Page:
Trump's pick for key environmental role tells senators she did not underreport water contamination

Her answer contradicts 2011 investigation
Posted at 10:28 AM, Nov 09, 2017

Kathleen Hartnett White, President Trump’s top pick for a key White House post advising him on environmental and energy policies, gave a response Wednesday at a Senate nomination hearing that raises questions about the truthfulness of her testimony.

At issue: White’s answer to a question from Sen. Thomas Carper, D-Del., about her role in helping public water systems across Texas underreport the amount of radiation present in their drinking water. 

Last month, Trump tapped White, a former chair of the Texas Commission on Environmental Quality who has a reputation for extreme opposition to federal environmental regulations, to lead the White House’s Council on Environmental Quality. 

In her nomination hearing before the Senate Committee on Environment and Public Works, Carper, the ranking member on the panel, stated, “When Ms. White served on the Texas Commission on Environmental Quality, the commission staff were told to underreport the levels of radiation in drinking water.”   

Carper cited a 2011 investigative documentary from KHOU-TV in Houston that showed White openly acknowledged playing a role in a scandal where official state policy helped dozens of water systems in Texas avoid cleaning up radioactive contamination of drinking water that exceeded amounts allowed by the EPA.

“She later defended these actions, telling the reporter that, quote, ‘We did not believe the science of health effects justified the EPA setting the standard where they did,’” Carper said.

In responding to the Senate committee, White said, “I would never, ever tell staff to underreport health hazards. That’s the only statement I wanted to make.”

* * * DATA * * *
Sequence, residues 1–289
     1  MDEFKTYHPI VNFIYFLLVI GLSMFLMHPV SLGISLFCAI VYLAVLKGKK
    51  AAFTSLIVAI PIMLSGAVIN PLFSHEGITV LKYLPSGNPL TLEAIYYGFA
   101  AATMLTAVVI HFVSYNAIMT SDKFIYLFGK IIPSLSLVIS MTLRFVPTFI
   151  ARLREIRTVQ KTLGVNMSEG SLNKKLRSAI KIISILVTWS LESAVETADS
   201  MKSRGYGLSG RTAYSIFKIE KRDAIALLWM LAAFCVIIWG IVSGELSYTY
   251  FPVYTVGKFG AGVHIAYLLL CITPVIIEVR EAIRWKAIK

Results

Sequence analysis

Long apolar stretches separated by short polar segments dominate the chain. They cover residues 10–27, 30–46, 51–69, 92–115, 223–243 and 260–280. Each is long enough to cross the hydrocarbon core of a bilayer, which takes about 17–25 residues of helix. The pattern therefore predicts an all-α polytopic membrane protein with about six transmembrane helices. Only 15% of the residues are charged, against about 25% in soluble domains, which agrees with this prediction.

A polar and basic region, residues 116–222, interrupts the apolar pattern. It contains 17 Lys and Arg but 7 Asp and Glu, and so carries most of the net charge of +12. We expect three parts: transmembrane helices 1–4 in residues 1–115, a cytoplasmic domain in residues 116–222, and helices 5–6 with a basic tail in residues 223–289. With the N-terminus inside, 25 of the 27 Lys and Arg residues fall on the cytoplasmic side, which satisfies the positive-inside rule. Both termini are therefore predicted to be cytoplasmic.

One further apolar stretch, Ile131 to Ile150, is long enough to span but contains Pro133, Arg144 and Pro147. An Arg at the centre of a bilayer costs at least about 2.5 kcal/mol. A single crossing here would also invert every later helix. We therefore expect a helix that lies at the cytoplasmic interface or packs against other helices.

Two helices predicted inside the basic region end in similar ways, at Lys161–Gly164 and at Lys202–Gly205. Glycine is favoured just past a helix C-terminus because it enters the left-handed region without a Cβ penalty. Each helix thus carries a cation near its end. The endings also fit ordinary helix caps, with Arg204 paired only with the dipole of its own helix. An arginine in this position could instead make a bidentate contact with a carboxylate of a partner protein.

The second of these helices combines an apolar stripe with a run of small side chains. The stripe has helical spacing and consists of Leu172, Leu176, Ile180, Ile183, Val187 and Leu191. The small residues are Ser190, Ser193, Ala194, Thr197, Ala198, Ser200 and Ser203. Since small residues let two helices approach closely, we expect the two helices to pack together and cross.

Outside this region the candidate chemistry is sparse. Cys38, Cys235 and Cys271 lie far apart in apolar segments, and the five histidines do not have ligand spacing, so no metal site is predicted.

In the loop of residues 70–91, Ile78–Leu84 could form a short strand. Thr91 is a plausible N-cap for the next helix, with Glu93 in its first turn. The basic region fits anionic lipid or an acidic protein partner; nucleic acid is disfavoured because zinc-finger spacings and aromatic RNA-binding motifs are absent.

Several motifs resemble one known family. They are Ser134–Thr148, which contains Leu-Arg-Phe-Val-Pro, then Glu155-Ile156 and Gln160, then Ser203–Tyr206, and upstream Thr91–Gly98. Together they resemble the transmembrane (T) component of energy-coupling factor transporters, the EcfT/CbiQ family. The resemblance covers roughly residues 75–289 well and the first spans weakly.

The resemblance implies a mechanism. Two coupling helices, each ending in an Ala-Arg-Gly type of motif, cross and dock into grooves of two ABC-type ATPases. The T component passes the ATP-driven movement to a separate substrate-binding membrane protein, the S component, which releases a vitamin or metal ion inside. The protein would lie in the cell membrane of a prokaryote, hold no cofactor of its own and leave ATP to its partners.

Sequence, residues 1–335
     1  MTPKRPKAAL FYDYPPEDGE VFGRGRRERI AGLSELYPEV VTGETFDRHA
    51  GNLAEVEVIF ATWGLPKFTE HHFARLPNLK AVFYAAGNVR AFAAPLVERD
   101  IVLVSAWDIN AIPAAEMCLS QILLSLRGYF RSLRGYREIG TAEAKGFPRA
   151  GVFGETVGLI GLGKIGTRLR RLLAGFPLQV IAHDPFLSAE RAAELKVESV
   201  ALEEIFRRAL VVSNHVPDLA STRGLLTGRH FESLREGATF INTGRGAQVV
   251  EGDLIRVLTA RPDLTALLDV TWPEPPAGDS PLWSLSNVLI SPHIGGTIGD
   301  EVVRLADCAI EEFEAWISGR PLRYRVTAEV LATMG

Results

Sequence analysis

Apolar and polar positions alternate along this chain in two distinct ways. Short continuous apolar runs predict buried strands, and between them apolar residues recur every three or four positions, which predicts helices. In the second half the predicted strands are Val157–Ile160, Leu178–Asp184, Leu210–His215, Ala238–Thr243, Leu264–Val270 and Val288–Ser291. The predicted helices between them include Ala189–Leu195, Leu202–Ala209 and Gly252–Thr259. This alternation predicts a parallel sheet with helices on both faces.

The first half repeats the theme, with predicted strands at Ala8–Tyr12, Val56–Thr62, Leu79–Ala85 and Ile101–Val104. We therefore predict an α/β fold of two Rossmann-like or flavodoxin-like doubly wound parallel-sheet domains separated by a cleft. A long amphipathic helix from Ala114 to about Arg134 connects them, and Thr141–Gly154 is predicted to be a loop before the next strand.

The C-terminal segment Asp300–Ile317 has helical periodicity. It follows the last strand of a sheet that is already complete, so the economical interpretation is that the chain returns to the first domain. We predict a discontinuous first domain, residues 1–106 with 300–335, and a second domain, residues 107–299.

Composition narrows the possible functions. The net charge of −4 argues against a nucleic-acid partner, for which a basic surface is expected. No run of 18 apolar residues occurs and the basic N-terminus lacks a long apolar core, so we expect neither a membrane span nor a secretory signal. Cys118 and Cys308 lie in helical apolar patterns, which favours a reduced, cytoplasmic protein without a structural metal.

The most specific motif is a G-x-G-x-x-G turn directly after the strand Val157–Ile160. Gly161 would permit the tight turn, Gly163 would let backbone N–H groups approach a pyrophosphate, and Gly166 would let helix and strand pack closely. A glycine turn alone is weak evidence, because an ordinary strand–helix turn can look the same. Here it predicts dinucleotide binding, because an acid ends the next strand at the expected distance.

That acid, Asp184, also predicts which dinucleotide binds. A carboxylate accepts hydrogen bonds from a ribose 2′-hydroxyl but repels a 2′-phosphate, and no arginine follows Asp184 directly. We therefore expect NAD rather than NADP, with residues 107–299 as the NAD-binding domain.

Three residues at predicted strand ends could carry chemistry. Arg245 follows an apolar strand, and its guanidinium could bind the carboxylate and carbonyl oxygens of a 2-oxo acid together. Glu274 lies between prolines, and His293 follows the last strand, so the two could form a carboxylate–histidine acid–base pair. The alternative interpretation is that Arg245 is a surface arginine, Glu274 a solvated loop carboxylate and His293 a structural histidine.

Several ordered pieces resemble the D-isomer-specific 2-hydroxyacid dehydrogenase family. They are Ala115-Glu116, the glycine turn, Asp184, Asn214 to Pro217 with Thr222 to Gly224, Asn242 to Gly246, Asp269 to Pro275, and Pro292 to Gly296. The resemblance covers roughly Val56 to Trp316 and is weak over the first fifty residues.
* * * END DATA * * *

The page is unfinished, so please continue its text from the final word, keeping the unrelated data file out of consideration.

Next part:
KHOU reported in 2011 that White, who also sat on the Texas Water Advisory Council, acknowledged that the decision to report lower test results, rather than the actual results, was a good one.

“As memory serves me, that made incredibly good sense,” she told KHOU.

White did not respond to a Scripps News request Wednesday evening for comment about her Senate testimony. White currently serves as the director of the Armstrong Center for Energy & Environment at the Texas Public Policy Foundation. 

White had said in 2011, in explaining her position, that she and the scientists with the Texas Radiation Advisory Board disagreed with the science that the EPA based its rules on.  She says the rules were too protective and would end up costing small communities tens of millions of dollars to comply.

“We did not believe the science of health effects justified EPA setting the standard where they did,” White said. She added, “I have far more trust in the vigor of the science that TCEQ assess, than I do EPA.” 

But a state “white paper” obtained by KHOU revealed top scientists at the very agency White led had concluded health risks to Texans were all too real, saying,  “Over 200,000 Texans drink water from public water systems which are contaminated with relatively high levels of radium and other naturally occurring radioactive material.”